How long does customs clearance take?

In much the same way that the exact steps in the customs clearance process will vary based on several factors, the amount of time that customs clearance takes will also vary.

While each country has its own customs procedures, generally, customs officers will visit multiple sites during the day and the process to clear any individual shipment can take anywhere from 12-48 hours in an optimal scenario.

However, there are many reasons why delays can occur during the clearance process.

Errors or omissions in the paperwork can lead to goods remaining stuck in customs for an extended period of time, which can lead to added fees for importers and exporters in the form of demurrage and detention.

Some shipments are selected for auditing, which again can add delays to the process.

The volume of shipments passing through customs can also play a heavy role in the amount of time that it takes to clear customs.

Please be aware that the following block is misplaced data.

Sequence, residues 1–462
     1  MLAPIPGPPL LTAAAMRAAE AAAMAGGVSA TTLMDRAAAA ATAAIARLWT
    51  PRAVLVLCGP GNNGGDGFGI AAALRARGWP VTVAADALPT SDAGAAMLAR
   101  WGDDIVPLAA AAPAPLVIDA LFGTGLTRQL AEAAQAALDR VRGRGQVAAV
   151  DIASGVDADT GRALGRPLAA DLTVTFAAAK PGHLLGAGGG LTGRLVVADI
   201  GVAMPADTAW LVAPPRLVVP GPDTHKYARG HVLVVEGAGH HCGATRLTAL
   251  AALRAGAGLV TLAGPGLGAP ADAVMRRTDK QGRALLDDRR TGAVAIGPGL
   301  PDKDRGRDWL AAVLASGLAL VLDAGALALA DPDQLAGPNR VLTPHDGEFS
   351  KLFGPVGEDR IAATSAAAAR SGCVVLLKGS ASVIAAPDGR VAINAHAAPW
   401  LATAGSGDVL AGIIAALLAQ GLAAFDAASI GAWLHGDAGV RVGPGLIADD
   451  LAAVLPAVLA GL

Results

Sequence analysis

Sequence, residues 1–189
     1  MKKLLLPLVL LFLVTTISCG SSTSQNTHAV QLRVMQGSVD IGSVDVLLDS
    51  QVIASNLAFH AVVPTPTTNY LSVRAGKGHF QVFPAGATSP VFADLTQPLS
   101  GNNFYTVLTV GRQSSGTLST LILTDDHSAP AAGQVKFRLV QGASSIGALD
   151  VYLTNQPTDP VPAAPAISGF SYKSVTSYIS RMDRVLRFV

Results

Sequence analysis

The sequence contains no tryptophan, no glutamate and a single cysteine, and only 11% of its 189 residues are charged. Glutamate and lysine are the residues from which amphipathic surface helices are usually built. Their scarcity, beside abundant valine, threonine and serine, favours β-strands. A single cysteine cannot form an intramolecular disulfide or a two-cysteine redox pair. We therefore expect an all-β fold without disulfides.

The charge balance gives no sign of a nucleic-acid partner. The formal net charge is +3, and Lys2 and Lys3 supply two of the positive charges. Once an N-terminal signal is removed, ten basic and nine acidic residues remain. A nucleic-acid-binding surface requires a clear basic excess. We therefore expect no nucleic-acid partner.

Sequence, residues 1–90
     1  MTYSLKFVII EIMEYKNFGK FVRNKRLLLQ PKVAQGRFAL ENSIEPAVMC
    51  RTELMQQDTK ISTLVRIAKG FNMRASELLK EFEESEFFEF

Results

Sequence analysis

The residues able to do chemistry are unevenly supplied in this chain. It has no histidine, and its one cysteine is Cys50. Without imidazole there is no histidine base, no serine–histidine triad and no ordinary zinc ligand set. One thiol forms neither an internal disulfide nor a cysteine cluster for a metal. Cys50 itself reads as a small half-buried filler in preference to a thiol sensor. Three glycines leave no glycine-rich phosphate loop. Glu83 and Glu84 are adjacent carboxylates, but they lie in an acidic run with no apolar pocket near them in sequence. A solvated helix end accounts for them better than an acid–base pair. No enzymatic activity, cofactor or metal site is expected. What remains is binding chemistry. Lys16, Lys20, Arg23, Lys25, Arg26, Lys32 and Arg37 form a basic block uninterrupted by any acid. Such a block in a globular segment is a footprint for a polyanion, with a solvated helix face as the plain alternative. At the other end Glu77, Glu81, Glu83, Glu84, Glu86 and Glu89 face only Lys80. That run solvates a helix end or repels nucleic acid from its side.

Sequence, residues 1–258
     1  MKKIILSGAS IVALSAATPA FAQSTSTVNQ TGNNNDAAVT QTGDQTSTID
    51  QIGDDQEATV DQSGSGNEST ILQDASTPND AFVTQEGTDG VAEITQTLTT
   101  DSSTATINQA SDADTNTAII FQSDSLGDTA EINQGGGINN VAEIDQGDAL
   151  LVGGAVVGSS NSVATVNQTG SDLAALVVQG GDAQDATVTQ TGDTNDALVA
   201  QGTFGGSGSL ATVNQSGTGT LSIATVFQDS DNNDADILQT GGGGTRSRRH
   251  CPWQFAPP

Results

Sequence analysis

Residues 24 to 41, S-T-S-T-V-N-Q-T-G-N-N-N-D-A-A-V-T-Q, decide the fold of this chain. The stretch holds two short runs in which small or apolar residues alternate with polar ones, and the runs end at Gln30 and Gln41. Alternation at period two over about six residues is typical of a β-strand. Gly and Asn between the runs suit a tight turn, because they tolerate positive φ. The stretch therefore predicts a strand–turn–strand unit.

During the buildup to the holiday season, for example, it often takes longer for shipments to clear simply because there is a larger volume for customs and border agents to inspect.

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About the Author

Carter is a Research Associate at Trade Finance Global focusing on the impact of macroeconomic trends and emerging technologies on international trade.

He holds international business and science degrees from the European Business School in Germany as well as Brock University and Queen’s University in Canada where he served as the director of operations and finance for the student executive council and as an operations associate for the Queen’s University Alternative Asset Fund. Carter’s work has been featured in publications and articles supported by the SME Finance Forum, managed by the International Finance Corporation, World Trade Organization, and International Chamber of Commerce.

Carter is a graduate of the Trade Accelerator Program (TAP) through the Toronto Board of Trade and the head of international business development at the Canadian-based building supply exporting firm, The Great Egress Co. He is also a Certified International Trade Professional (CITP) and a member of the exam development panel for the Forum for International Trade Training (FITT) where he developed exam questions for the update of the CITP Professional Exam as part of FITT’s application for ISO 17024 Accreditation.